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Autism spectrum disorder: insights into convergent mechanisms from transcriptomics


Heredity has a major role in autism spectrum disorder (ASD), yet underlying causal genetic variants have been defined only in a fairly small subset of cases. The enormous genetic heterogeneity associated with ASD emphasizes the importance of identifying convergent pathways and molecular mechanisms that are responsible for this disorder. We review how recent transcriptomic analyses have transformed our understanding of pathway convergence in ASD. In particular, deep RNA sequencing coupled with downstream investigations has revealed that a substantial fraction of autistic brains possess distinct transcriptomic signatures. These signatures are in part a consequence of altered neuronal activity and have a particular impact on pre-mRNA alternative splicing patterns.

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Fig. 1: Major cellular pathways underlying ASD are interconnected through neuronal activity.
Fig. 2: Using transcriptomics to assess molecular changes underlying ASD.
Fig. 3: Cortical organoids grown in vitro to model human brain development reveal an excitatory-to-inhibitory imbalance in ASD.
Fig. 4: Splicing changes in ASD.
Fig. 5: Misregulated RNA processing is a central component of ASD aetiology.


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This work was supported by Canadian Institutes of Health Research (CIHR) grants to S.P.C. and B.J.B. and by a Simons Foundation grant to B.J.B. M.Q.-V. was supported by a CIHR scholarship and an Ontario Graduate Scholarship. B.J.B. holds the University of Toronto Banbury Chair in Medical Research.

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Nature Reviews Genetics thanks G. Konopka and the other, anonymous reviewer(s) for their contribution to the peer review of this work.

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All authors researched data for the article, provided substantial contribution to discussions of the content and reviewed or edited the manuscript before submission. M.Q.-V., S.P.C. and B.J.B. wrote the article.

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Correspondence to Mathieu Quesnel-Vallières, Sabine P. Cordes or Benjamin J. Blencowe.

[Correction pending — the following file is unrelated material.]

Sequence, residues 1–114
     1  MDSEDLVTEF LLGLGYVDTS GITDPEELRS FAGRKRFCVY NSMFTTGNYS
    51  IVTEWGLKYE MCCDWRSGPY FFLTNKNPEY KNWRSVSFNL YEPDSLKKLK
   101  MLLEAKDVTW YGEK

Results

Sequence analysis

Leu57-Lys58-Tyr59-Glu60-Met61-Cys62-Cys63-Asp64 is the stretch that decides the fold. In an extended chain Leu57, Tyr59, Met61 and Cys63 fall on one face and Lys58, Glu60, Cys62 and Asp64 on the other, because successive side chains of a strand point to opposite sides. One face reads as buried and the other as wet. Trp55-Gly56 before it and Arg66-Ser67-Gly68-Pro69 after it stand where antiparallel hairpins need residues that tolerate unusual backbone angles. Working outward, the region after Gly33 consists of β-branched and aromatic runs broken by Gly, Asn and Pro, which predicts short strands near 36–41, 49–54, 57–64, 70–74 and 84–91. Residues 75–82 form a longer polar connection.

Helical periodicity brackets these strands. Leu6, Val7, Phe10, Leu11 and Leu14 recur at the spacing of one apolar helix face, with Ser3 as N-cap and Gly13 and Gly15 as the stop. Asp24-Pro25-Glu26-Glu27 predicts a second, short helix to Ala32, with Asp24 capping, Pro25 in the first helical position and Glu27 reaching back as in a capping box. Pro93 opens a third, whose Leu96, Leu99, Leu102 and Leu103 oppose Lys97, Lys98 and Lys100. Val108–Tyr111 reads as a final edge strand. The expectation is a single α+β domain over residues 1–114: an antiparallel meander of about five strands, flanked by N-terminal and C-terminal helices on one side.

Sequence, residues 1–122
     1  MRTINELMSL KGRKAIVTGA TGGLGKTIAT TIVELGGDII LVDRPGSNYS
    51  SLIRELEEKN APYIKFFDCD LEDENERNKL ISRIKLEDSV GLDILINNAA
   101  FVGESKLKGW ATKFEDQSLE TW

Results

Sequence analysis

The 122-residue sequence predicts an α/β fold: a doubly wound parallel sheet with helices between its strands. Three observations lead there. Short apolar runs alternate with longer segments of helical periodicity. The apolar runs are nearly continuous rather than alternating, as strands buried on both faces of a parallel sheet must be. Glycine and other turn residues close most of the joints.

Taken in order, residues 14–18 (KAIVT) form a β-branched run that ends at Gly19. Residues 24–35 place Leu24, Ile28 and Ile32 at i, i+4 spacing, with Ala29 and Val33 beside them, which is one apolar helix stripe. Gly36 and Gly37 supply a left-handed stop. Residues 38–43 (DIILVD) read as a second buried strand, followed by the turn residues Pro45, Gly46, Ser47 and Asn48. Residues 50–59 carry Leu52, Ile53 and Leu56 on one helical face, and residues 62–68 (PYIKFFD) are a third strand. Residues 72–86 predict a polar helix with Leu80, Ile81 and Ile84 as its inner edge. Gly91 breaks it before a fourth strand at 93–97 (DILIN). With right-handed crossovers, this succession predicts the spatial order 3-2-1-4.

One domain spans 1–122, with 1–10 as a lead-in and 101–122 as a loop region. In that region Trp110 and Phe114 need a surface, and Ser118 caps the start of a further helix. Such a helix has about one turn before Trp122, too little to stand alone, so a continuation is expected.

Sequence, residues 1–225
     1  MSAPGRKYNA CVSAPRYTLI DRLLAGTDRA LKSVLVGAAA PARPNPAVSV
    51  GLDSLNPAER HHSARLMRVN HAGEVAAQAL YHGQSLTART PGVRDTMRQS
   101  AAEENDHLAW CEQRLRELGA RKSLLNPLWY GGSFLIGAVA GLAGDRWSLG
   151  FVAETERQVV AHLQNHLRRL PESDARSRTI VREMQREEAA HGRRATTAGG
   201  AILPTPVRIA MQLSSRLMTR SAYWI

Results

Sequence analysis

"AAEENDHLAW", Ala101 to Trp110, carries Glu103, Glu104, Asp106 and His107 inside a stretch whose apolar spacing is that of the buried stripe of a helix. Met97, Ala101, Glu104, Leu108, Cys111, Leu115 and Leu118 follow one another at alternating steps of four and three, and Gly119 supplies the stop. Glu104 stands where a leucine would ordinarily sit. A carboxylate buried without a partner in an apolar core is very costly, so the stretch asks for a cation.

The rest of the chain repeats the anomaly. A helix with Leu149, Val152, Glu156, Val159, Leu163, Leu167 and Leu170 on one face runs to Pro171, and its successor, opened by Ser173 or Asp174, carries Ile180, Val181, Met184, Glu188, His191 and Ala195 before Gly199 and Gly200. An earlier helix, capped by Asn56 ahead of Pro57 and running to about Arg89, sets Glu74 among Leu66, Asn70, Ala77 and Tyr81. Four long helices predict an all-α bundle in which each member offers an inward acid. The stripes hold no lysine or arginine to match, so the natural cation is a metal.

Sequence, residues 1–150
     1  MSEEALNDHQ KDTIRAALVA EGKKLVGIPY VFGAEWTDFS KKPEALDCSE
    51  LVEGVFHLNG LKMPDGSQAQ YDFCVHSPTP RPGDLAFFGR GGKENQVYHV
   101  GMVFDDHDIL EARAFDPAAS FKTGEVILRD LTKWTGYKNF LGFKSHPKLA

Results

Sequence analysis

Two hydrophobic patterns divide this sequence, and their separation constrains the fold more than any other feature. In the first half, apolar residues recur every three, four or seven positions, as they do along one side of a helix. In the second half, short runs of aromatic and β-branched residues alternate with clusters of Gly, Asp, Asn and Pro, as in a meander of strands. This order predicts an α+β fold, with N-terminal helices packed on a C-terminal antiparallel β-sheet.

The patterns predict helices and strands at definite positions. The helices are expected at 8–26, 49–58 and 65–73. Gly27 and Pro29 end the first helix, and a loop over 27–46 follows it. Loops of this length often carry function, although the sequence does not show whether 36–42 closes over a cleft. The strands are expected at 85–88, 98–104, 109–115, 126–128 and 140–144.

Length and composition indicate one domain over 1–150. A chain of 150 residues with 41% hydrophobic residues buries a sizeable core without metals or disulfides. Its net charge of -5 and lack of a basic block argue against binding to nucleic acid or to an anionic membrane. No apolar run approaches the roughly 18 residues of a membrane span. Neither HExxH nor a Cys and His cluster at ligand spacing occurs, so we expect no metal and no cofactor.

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Glutamate signalling

Molecular pathway that includes the excitatory neurotransmitter glutamate and its synaptic receptors; largely responsible for driving neuronal activity.

Excitatory-to-inhibitory imbalance

Change in the ratio between excitatory (primarily glutamate) and inhibitory (primarily GABA) synaptic transmission that regulates normal brain activity and behaviour.

Glutamatergic neurons

Glutamate-expressing neurons that potentiate neuronal activity.

GABAergic neurons

GABA-expressing neurons that act as inhibitors of neuronal activity.


Process during which neural stem cells proliferate and differentiate into glial cells and neurons to generate the cortex during brain development.


GABAergic interneurons are a type of inhibitory neuron that filters neuronal activity and maintains the excitatory-to-inhibitory balance.

Cerebral organoids

Tissues grown in vitro from embryonic stem cells or induced pluripotent stem cells under conditions that promote the generation of differentiated, cortex-like structures (including neurons) to model brain development.

Cortical layering

Anatomical distribution of neurons into six molecularly distinct layers in the cortex during brain development; this layering is conserved in mammals.

Cassette exons

Exons that can be skipped or included in mRNA transcripts through alternative splicing.

Splicing quantitative trait loci

Genomic regions that are associated with variations in splicing patterns.

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Quesnel-Vallières, M., Weatheritt, R.J., Cordes, S.P. et al. Autism spectrum disorder: insights into convergent mechanisms from transcriptomics. Nat Rev Genet 20, 51–63 (2019).

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